With the drawing classes winding down and the drawing year coming to an end, I have decided it was time to revive this blog by posting regularly about the various themes we have been exploring throughout the last few months. Students at the Observatoire studio range from 5 year olds to teenagers (and the occasional adult), and in most weeks, there is a theme, that will be interpreted in various ways by the different drawing groups. The results are as varied as you can imagine and sometimes throw great insights into how students of different personalities, different age, and in different environments (peers) produce different drawings.
In each lesson, there would have been a goal, something to explore. Sometimes, it’s a medium, sometimes it’s an aspect of drawing (such as contour drawing, perspective, shading, negative space, composition…), and sometimes it’s about letting the participants take ownership of their drawing (vs. creating a “perfect” drawing). Sometimes the constraints are strong, sometimes there are none. Most of the time, the instructions are only a beginning and the participants are invited to finish their drawing in their own way (or start a second one, on their own)
The themes explored in the last term have been:
- How to draw an apple accurately enough that you might be able to pick it from a bowl?
- Many different cacti.
- Drawing water bottles. Is it boring?
- How hard is it to draw a ping-pong ball? (Challenge)
- Build your own house and draw it.
- Observing insects close-up. Drawing them accurately.
- Understanding Master’s paintings through their mark-making.
I will update the list above with links as the posts come in… stay tuned and do link-up on Facebook where I do post rather informally drawings of various students or comments on classes as they have just happened.
I’m very excited to be part of the Big Draw in Singapore this year. I’d heard about the event in Britain, and it is only the second year it is happening here.
Micro/Macro is a workshop happening at the zoo on the 19th of November from 10am to 2pm at the proboscis monkey enclosure (behind the Fragile Forest).
The participants (children or adults) are invited to try their hand at “Gesture Drawing”, to capture the essence of being a monkey. Those creatures move fast and you have to be fast with your charcoal, let go of the details, capture the movement. This kind of drawing is usually used to draw people, capturing them on the go, and artists use this as an exercise, to loosen up and tune their mind to drawing and observing.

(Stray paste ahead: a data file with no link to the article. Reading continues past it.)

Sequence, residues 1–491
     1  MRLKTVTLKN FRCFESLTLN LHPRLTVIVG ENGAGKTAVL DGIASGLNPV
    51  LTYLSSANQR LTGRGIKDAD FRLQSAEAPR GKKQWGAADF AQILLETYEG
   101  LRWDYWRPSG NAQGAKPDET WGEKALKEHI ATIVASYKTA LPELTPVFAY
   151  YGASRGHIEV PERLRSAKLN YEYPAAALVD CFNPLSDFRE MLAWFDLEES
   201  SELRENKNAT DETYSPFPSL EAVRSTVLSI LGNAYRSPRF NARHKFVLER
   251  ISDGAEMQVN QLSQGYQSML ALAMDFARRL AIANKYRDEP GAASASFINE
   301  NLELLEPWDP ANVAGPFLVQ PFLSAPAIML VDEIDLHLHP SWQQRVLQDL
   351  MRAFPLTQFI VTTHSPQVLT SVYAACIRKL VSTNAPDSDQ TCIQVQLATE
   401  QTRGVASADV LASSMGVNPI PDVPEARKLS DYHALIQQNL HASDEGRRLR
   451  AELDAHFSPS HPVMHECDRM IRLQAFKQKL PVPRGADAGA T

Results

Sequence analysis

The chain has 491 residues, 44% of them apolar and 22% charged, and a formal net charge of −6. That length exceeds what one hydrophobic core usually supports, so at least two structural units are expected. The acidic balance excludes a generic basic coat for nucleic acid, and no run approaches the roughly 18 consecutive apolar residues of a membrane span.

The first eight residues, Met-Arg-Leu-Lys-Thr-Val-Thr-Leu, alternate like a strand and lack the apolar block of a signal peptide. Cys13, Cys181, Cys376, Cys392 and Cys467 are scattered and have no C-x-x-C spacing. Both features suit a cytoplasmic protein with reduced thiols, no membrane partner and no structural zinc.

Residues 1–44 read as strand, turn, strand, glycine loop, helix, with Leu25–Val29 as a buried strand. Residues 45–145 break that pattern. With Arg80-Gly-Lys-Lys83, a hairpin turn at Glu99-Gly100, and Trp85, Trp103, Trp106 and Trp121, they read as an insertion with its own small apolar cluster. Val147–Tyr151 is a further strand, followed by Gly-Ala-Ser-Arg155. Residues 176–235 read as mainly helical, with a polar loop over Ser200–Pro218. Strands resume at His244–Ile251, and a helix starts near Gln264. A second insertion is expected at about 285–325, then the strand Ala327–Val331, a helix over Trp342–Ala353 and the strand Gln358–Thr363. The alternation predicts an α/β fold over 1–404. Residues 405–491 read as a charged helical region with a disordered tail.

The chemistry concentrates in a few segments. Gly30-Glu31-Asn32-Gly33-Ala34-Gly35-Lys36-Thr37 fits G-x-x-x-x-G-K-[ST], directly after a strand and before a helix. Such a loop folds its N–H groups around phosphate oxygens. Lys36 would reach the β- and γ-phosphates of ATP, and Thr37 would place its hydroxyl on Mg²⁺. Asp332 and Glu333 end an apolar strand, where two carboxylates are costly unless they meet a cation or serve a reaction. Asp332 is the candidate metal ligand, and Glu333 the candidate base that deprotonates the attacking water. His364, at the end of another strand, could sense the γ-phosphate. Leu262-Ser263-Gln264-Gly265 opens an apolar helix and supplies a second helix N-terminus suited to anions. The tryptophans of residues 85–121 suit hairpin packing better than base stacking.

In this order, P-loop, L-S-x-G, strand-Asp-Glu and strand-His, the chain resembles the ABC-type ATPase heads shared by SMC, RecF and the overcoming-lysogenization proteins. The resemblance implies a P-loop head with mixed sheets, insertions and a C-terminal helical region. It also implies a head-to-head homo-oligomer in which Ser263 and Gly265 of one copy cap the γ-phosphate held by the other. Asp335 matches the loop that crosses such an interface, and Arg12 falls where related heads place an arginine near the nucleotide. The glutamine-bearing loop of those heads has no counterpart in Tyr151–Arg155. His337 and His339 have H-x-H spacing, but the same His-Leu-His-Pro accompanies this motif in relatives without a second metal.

The participants are then invited to try their hand at histological drawing. This time, they are given a piece of monkey tissue to observe, in the form of a histological section slide. These slides are ready to be slipped under the microscope, which can be focused to reveal different structures. In this case, the drawing is used as a means of observing detail. There is plenty of detail, and often repeating patterns.
The result will be a display side-by-side of these two different ways of capturing “what a monkey looks like” from different people, with different personalities, different abilities and different goals…
I can’t wait to see what people come up with! See you at the zoo….
This week is trial classes week!
If you’d like to see the studio/garden/duck (!) and come for one lesson ($20), leave a comment below or call me (92734991). After completing the trial class, I will assign the child (4 years old to teenagers) to the most appropriate class. Classes are small (4 to 8 students), and as much as possible, students are grouped by age and/or level… so, please be prepared to be flexible!
The new 10-week session starts in April.
You might want to check out what classes are running now, here. Your child will be assigned to one of these existing class or a new class will be created if there is demand.
This is Isadora’s Workshop’s new official blog. This is where all the information relating to the Workshop will be posted regularly so that you can keep up with what’s happening: new classes, workshops, registration deadlines, but also information about ongoing projects, links to students’ galleries.